Vasuki, aka: Vāsuki; 8 Definition(s)
Vasuki means something in Hinduism, Sanskrit. Check out some of the following descriptions and leave a comment if you want to add your own contribution to this article.
Kathā (narrative stories)
Vāsuki (वासुकि) is the name of a king of the Nāgas, according to the Kathāsaritsāgara chapter 6. The son of his brother, Kīrtisena, married Śrutārthā through the gāndharva marriage after seeing her bathe. The Kathāsaritsāgara (‘ocean of streams of story’) is a famous Sanskrit epic story revolving around prince Naravāhanadatta’s quest to become the emperor of the Vidhyādharas. The work is said to have been an adaptation of Guṇāḍhya’s Bṛhatkathā consisting of 100,000 verses, which in turn is part of a larger work containing 700,000 verses.Source: Wisdom Library: Kathāsaritsāgara
Vāsuki (वासुकि).—Name of a Nāga mentioned by Soḍḍhala.—Vāsuki is said to be the chief of the Pātāla region.Source: Shodhganga: A critical appreciation of soddhalas udayasundarikatha
Vāsuki (वासुकि).—One of the eight kulas (‘families’) of nāgas mentioned by Soḍḍhala in his Udayasundarīkathā. Vāsuki, and other nāgas, reside in pātāla (the nether world) and can assume different forms at will. Their movement is unobstructed in the all the worlds and they appear beautiful, divine and strong.
The Udayasundarīkathā is a Sanskrit work in the campū style, narrating the story of the Nāga princess Udayasundarī and Malayavāhana, king of Pratiṣṭhāna. Soḍḍhala is a descendant of Kalāditya (Śilāditya’s brother) whom he praises as an incarnation of a gaṇa (an attendant of Śiva).Source: Wisdomlib Libary: Kathā
about this context:
Kathās (कथा) are special kind of Sanskrit literature: they are a kind of a mix between Itihāsa (historical legends) and Mahākāvya (epic poetry). Some Kathās reflect socio-political instructions for the King while others remind the reader of the historical deeds of the Gods, sages and heroes.
Nāṭyaśāstra (theatrics and dramaturgy)
Vāsuki (वासुकि) is the Sanskrit name for a deity to be worshipped during raṅgapūjā, according to the Nāṭyaśāstra 3.1-8. Accordingly, the master of the dramatic art who has been initiated for the purpose shall consecrate the playhouse after he has made obeisance (eg., to Vāsuki).Source: Wisdom Library: Nāṭya-śāstra
about this context:
Nāṭyaśāstra (नाट्यशास्त्र, natya-shastra) refers to both the ancient Indian tradition of performing arts, (e.g., theatrics, drama, dance, music), as well as the name of a Sanskrit work dealing with these subjects. It also teaches the rules for composing dramatic plays (nāṭya) and poetic works (kāvya).
Vāsuki (वासुकि):—One of the Nāgas that dwell on the Niṣadha mountain, according to the Vāyu-purāṇa.Source: Google Books: Cultural History from the Vāyu Purāna
about this context:
The Purāṇas (पुराण, purana) refers to Sanskrit literature preserving ancient India’s vast cultural history, including historical legends, religious ceremonies, various arts and sciences. The eighteen mahāpurāṇas total over 400,000 ślokas (metrical couplets) and date to at least several centuries BCE.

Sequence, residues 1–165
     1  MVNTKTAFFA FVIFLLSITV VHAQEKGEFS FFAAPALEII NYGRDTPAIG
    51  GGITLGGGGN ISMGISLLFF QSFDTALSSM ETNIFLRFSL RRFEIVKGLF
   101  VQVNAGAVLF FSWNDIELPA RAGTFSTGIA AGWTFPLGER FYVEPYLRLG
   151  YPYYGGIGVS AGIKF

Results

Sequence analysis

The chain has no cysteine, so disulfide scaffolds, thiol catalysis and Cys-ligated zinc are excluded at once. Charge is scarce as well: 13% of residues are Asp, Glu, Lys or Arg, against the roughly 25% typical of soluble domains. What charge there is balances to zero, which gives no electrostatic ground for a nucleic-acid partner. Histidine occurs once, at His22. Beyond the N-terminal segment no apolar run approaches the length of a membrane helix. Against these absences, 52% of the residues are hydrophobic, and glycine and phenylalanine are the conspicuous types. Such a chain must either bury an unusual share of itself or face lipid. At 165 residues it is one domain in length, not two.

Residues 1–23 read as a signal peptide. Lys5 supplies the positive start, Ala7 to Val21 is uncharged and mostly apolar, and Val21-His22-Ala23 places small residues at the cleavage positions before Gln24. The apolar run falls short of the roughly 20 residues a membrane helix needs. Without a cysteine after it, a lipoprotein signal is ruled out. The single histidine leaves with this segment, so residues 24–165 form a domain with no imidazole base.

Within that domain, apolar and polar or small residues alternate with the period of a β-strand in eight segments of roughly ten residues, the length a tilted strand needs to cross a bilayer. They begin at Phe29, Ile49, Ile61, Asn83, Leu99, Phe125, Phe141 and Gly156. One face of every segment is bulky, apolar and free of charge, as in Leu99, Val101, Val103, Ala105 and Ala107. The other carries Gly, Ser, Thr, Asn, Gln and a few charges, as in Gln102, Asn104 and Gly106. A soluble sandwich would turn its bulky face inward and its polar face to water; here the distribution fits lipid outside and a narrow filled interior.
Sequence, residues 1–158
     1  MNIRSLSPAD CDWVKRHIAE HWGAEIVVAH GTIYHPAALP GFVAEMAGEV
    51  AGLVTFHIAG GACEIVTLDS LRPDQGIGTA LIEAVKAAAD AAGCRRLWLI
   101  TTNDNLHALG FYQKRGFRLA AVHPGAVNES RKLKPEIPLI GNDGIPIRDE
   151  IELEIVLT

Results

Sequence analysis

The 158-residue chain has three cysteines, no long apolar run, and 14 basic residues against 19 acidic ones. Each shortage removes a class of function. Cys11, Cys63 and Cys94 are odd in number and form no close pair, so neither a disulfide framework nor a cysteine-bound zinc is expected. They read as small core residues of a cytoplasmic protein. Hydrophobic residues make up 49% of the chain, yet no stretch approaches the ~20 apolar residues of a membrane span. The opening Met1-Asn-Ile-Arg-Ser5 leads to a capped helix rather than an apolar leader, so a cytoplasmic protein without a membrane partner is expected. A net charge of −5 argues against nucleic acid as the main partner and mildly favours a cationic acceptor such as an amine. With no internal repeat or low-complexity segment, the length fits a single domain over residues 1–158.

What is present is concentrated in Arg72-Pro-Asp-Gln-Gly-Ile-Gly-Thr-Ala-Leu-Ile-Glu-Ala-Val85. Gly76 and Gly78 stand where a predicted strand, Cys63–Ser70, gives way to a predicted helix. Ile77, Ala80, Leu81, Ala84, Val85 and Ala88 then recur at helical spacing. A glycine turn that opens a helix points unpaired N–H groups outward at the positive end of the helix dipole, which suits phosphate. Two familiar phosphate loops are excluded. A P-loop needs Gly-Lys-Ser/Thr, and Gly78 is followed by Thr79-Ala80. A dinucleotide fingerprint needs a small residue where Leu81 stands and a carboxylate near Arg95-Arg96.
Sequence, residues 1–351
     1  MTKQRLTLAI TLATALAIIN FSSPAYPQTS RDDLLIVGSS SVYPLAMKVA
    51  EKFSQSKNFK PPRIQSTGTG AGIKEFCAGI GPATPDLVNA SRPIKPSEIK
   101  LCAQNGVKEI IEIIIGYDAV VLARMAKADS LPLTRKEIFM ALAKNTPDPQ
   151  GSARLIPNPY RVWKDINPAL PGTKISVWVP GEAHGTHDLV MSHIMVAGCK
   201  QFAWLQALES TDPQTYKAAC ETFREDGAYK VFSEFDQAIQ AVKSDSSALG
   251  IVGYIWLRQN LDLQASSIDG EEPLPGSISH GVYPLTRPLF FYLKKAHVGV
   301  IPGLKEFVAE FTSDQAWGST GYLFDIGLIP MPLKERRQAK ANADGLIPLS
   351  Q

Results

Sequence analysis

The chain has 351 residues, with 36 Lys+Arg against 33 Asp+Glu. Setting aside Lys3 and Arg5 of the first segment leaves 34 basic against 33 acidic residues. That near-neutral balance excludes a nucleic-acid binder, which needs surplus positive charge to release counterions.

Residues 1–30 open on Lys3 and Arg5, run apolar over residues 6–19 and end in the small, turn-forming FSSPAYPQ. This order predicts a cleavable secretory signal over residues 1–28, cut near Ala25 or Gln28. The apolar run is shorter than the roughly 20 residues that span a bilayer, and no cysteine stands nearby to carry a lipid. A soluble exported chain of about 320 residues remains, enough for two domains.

General definition (in Hinduism)
Vasuki : King of the Nagas or serpents who live in Patala. He was used by the gods and Asuras for a coil round the mountain Mandara at the churning of the ocean.Source: WikiPedia: Hinduism
Vasuki is a giant snake, the king of all serpents. Some stories put the name of the king of serpents as Takshaka, who was the snake who was responsible for Parikshit's death.
The most famous story in which Vasuki appears is the incident of churning the ocean of milk to obtain Amrit. Vasuki was used as the rope with which mount meru was bound to churn the ocean. The strain caused him to exhale Alahala, the most potent venom in the universe. There was the danger that this poison could destroy all living beings, which was averted by Shiva who swallowed the poison, turning his throat blue and earning him the sobriquet - Nilakanta (blue-throated).Source: Apam Napat: Indian Mythology
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Search found 80 books containing Vasuki or Vāsuki. You can also click to the full overview containing English textual excerpts. Below are direct links for the 20 most relevant articles:
- · The Mahabharata - First Book > ... > Section XXXIX
- · The Mahabharata - First Book > ... > Section XIV
- · The Mahabharata - First Book > ... > Section LIV
- · The Mahabharata - First Book > ... > Section XXXVIII
- · The Mahabharata - First Book > ... > Section XLVI
- · The Mahabharata - First Book > ... > Section XXXVII
- · The Mahabharata - First Book > ... > Section XLVII
- · The Vishnu Purana > ... > Keshidhvaja and Khandikya
- · The Garuda Purana > ... > Tests of Corals
- · The Mahabharata - First Book > ... > Section XLVIII
- · Devi Bhagavata Purana > ... > On the birth of Āstika
- · The Mahabharata - First Book > ... > Section LVII
- · The Garuda Purana > ... > Description of another form of sun-worship
- · The Mahabharata - First Book > ... > Section XVIII
- · The Mahabharata - First Book > ... > Section XL
- · The Mahabharata - First Book > ... > Section XXXV
- · Manusmriti with the Commentary of Medhatithi > ... > Verse 1.37
- · Śrī Hari-bhakti-kalpa-latikā > ... > Text 4
- · The Mahabharata - First Book > ... > Section CXXVIII
- · The Garuda Purana > ... > Tests of Emerald
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